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Just because Ofsted no longer demands it doesn’t mean you shouldn’t do it

Colin Logan, SSAT’s data guru, argues that predictions still have a use in identifying students who are slipping in order to help them get back on track…

Sean Harford, Ofsted’s national director for education, has once again clarified what inspectors should and shouldn’t ask for during inspection (clearly, some people are not paying attention). More than this, we hope, he has also reinforced the message to senior leaders and governors about the futility of trying to predict school Progress 8 scores.

Following last term’s inspection update, in which he made it clear that “inspectors must not give the impression that marking needs to be undertaken in any particular format and to any particular degree of sophistication or detail”, he has now turned his attention to predicting examination results and showing progress.

No more “What results are you inspecting?”

Inspectors in the past have often asked school leaders what results they were expecting at the end of the current school year. This was usually followed up by asking what results they were predicting at the same time the previous year and how this compared with the actual results in order to evaluate the accuracy of the school’s predictions.

All that has now changed as a result of the changes to testing at both key stages 2 and 4. In the latest inspection newsletter, Sean talks about the “inherent volatility in grade boundaries as the new qualifications bed in” and the resulting difficulty (indeed, futility) of trying to guess grade boundaries to predict grades. He specifically instructs inspectors not to ask for predictions for cohorts about to take tests and examinations: “we shouldn’t put schools under any pressure to do so – it’s meaningless”, he says.

But predictions still have a place

I’m not sure that that should be taken as a blanket instruction to school leaders not to expect teachers to be providing predictions to SLT, students and parents, however. While there undeniably remains a good deal of uncertainty surrounding the awarding of grades for reformed GCSEs, that doesn’t necessarily mean that teachers shouldn’t be developing their professional judgement and learning from their experience as things emerge and develop. Provided, of course, that school leaders understand the limitations of the process. Schools shouldn’t be doing anything specifically for Ofsted – but that doesn’t mean that they shouldn’t be doing anything unless it’s needed for Ofsted.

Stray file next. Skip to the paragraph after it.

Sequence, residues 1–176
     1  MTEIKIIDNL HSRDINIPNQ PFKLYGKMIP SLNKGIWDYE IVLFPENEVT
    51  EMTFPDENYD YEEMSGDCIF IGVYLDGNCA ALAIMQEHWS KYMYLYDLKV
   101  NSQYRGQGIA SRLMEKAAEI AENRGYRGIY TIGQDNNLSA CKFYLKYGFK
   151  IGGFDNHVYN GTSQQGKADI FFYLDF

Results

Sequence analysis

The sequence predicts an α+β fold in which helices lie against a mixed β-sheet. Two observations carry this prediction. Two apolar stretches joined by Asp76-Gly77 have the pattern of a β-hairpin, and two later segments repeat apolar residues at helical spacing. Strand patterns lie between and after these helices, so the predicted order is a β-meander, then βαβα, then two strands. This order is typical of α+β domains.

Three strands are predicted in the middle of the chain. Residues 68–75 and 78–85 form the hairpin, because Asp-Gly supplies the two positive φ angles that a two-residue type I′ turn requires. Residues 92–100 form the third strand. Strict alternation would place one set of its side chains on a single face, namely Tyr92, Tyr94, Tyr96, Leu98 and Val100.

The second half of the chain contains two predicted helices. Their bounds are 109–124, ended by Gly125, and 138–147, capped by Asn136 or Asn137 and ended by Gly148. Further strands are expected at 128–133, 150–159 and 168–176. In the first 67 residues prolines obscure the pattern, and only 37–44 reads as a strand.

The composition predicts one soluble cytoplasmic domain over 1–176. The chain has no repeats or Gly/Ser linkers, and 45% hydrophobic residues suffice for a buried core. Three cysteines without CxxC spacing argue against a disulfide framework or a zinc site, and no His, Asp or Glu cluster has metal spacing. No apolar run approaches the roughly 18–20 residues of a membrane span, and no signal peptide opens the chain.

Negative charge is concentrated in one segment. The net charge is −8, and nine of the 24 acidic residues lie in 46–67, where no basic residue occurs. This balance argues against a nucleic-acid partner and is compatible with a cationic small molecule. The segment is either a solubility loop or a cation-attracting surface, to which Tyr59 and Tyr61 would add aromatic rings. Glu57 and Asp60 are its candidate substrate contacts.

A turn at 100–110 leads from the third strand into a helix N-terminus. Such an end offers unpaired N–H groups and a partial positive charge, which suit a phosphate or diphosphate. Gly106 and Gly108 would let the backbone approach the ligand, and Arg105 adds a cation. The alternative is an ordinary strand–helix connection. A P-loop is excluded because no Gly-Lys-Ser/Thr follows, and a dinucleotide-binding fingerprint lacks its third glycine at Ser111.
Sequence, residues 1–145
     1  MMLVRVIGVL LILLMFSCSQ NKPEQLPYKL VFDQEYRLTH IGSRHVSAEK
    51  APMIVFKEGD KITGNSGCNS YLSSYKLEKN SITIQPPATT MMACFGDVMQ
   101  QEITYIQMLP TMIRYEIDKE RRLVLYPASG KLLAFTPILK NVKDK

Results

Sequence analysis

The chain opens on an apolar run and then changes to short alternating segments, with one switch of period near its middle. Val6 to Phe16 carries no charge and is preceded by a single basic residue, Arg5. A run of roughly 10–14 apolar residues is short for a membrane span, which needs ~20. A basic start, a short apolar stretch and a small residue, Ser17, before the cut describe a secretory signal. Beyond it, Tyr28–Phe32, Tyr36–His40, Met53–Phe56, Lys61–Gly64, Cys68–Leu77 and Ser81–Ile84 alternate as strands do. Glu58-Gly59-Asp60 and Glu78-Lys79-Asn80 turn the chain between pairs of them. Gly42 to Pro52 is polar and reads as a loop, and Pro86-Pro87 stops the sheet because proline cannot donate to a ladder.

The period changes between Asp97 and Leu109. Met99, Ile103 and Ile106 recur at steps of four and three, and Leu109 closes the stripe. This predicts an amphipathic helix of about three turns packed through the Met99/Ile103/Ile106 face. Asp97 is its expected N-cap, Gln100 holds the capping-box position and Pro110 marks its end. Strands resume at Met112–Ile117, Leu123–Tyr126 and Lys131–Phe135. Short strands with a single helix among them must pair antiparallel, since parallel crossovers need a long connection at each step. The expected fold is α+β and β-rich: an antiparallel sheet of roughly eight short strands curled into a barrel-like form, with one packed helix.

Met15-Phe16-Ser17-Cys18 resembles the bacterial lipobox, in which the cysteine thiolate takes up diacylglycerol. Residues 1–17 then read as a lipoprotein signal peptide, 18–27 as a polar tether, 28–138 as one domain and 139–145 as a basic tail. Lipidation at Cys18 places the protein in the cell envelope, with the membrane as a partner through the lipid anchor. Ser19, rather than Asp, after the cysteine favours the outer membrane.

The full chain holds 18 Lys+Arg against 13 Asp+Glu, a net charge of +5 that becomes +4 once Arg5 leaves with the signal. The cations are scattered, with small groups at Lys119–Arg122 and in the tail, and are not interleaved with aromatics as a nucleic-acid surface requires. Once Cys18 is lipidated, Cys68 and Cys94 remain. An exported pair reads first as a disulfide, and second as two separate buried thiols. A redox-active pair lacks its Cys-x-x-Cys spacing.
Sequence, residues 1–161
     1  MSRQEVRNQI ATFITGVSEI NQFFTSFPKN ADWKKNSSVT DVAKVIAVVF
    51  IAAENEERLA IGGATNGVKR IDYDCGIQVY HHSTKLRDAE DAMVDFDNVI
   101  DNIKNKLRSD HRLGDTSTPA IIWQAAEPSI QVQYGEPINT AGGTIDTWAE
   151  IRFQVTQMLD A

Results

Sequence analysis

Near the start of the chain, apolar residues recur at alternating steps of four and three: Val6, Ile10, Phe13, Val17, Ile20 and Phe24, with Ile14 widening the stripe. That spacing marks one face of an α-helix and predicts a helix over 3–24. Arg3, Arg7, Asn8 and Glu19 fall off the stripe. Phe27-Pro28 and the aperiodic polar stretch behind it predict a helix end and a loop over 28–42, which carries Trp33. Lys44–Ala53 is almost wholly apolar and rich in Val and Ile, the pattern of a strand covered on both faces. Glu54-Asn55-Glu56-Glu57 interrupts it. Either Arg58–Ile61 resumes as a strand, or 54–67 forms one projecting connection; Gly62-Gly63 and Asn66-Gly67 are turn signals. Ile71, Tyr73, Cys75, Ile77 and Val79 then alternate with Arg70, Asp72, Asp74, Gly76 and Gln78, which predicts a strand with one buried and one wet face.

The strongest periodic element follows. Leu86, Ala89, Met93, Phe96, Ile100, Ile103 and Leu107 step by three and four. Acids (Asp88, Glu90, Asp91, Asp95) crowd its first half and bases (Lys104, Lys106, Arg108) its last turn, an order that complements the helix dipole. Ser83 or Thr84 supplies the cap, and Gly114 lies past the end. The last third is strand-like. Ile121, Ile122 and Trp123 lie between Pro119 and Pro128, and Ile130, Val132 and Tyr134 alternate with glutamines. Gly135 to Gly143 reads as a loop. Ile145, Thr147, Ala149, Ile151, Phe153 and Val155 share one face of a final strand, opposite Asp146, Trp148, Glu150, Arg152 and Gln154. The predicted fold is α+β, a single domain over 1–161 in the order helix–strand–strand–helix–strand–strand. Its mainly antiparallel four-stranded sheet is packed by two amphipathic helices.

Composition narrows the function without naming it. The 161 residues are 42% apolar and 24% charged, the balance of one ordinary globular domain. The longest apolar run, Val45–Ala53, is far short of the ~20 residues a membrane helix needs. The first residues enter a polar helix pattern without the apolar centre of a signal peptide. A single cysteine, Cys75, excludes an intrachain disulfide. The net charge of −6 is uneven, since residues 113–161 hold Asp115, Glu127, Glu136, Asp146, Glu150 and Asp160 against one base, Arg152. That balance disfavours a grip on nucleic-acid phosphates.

Schools shouldn’t be doing anything specifically for Ofsted – but that doesn’t mean that they shouldn’t be doing anything unless it’s needed for Ofsted

Understanding these limitations of the process would include not expecting any predictions of an Attainment 8 or Progress 8 figure aggregated from already emerging subject-level predictions. But we do need to accept that regaining the skill to predict grades with any degree of confidence is in itself an important exercise in teachers’ professional development.

How do you assess progress?

School leaders will want to be able to assess the progress their students are making, and inspectors will be asking them about this, too. So how might they do this? Sean advises inspectors that, rather than expecting predictions, it would be “much better to ask schools how they have assessed whether pupils are making the kind of progress they should in their studies and, if not, what their teachers have been doing to support them to better achievement.”

How are schools to know what progress their students are making? One way could be in the effective use of target setting. For example:

  • Appropriate, challenging targets could be set for students at subject level, using the latest available data (for example by consulting the range of estimates provided by FFT Aspire).
  • Teachers’ professional judgement is being developed by internal moderation and access to the latest information and training provided by examination boards.
  • Students’ progress can then be measured by how close they are to being on track to achieve those targets at the end of the key stage.

And what do you do about it?

As Sean points out, the important thing is how this information is being used to support students who are not on track.

What is clear is that, once again, it is up to school leaders to decide: “Inspectors should only ask to see assessment information, including any pupil-tracking information, in the format that the school would ordinarily use to monitor the progress of pupils in that school”, Sean Harford concludes.


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